One thing is for sure; there is no lack of Irish superstitions in the world. The Irish people, my family included, seem to be a very superstitious lot. I don’t know about you, but I think this is what gives them their charm.
The Irish have many sayings and proverbs, too. These will show the wit of the Irish. They will be covered in other pages on this website. There will also be a page of Irish blessings and blessing poems. These will show the Irish faith with a touch of humor thrown in for good measure.
From this page you’ll also find a place for the popular Irish toasts.
There are many superstitions sprinkled throughout the Irish culture. Looking through other sections of this website I noticed I have superstitions sprinkled throughout the site too. In the wedding section there are Irish wedding superstitions for you to look over.
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This page is a little longer than I usually write; I like to keep things brief so I don’t bore you to death. But Ireland has a good many old Irish superstitions. Speaking of death, just jump right in to the first section of Irish superstitions.
Irish Superstitions Concerning the Dead
It is believed that the souls of the dead that die abroad, wish to be buried in Ireland. The dead will not rest peaceably unless buried with their forefathers and people of their own kind. A dead hand is believed to be a cure for all diseases. Many times sick people were brought to a house where a corpse was laid out, so that the hand of the dead might be laid on them. (There are quite a few Irish superstitons concerning dead hands, but they start getting really weird. The one above seemed the less creepy of them. I thought I’d stop at one dead hand superstition.) The corner of a sheet that was wrapped around a corpse is a cure for a headache, when tied around your head. It will also reduce the swelling of a limb, if tied around the affected limb. The ends of candles used at wakes are good for curing burns. The spirit of the dead last buried has to watch in the churchyard until another corpse is buried. Duties include carrying water for the dead that are waiting in Purgatory. This keeps them very busy. Purgatory is a very hot place. This superstition has been known to cause fights when two funeral processions try to enter the same churchyard at the same time. No one wants their loved one to be the last buried and have to perform these duties. If anyone stumbles at a grave it is considered a bad omen. If you fall and touch the ground you will most likely die by the end of the year. (I have to admit here that I’ve tripped and fallen at the cemetery. I’ve spent time at several cemeteries chasing down my family history. Those little foot stones seem to jump right out at you if you don’t pay attention. I’ll let you know how things turn out.) If you meet a funeral you must turn back and walk at least four steps with the mourners. If the nearest relative touches the hand of a corpse it will shout out a wild cry if not quite dead. On Twelfth Night the dead walk the Earth. On every tile of your house a soul is sitting waiting for your prayers to take it out of purgatory. If a magpie comes to your door and looks at you it is a sure sign of death. Nothing can be done to avert the doom. When a swarm of bees suddenly quits the hive it is a sign that death is hovering near the house.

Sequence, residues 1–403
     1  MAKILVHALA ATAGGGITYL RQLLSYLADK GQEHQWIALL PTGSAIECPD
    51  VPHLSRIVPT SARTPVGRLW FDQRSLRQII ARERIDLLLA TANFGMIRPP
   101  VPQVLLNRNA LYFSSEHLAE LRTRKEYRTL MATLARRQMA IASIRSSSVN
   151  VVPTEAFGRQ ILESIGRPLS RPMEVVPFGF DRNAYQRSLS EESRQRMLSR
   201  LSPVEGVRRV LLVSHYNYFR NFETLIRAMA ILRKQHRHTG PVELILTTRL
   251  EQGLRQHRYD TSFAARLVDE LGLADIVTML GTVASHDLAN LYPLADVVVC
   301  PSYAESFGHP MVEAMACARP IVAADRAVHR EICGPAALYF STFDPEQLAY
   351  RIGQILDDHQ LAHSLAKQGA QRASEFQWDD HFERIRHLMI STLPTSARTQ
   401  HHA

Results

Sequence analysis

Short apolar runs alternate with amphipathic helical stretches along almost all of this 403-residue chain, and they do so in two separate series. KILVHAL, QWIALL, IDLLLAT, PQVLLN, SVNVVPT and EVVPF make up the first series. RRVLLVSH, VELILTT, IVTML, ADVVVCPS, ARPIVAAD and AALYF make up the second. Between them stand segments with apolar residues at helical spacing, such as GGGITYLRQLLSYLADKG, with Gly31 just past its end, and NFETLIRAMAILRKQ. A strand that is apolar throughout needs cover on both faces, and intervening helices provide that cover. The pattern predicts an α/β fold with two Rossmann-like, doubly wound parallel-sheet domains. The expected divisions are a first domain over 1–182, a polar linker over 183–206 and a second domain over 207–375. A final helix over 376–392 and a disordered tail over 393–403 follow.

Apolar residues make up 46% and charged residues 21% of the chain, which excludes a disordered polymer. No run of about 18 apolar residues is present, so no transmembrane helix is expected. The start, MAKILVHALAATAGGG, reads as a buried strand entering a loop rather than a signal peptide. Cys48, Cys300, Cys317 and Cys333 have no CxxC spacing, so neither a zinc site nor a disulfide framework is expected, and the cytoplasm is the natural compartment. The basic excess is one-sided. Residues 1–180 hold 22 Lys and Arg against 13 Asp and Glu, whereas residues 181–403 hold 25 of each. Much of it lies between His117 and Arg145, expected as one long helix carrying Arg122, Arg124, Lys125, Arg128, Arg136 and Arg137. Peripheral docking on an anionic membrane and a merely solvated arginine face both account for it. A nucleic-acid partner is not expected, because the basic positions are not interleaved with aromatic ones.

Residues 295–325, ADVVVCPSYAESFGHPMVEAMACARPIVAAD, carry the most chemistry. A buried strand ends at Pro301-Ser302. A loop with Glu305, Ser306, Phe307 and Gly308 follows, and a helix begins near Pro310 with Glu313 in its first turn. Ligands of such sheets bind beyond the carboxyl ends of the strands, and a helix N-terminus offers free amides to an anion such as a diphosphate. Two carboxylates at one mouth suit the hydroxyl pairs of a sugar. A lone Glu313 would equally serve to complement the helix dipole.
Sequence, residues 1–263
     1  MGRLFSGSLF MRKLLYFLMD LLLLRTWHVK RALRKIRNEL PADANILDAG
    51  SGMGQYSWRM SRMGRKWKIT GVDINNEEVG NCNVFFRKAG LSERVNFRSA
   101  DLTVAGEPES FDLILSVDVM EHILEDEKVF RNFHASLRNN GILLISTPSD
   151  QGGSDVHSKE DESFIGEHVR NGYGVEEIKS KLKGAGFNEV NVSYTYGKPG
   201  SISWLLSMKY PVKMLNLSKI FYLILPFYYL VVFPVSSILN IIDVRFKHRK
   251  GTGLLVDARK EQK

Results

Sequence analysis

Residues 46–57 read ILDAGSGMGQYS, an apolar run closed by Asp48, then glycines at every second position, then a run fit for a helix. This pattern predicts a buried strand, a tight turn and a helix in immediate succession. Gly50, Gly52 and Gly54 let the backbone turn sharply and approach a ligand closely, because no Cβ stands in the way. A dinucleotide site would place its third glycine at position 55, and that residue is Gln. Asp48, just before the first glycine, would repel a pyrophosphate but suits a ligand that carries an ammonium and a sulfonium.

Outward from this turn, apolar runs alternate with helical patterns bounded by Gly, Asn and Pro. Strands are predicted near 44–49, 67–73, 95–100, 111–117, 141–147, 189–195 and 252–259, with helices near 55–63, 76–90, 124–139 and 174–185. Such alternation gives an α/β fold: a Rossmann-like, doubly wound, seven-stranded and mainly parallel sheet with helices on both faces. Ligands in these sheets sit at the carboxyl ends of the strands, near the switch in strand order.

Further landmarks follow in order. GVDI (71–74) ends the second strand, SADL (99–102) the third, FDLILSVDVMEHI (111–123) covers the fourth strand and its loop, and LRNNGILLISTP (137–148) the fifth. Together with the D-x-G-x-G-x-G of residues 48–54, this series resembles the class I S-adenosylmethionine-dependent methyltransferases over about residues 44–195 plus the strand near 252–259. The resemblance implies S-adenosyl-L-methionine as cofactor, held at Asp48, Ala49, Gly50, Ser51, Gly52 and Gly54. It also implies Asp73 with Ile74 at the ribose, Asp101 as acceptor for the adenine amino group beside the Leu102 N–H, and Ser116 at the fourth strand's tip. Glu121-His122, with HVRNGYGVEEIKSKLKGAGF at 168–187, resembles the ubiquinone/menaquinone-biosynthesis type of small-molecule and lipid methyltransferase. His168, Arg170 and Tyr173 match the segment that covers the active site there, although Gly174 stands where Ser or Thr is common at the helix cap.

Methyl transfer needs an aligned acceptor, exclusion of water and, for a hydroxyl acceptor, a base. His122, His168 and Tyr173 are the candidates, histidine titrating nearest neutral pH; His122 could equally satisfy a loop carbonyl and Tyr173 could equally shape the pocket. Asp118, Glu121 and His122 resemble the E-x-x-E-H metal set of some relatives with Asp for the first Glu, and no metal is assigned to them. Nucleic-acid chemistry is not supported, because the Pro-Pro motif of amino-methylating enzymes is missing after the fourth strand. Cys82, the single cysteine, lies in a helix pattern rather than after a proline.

Animals in Irish Superstitions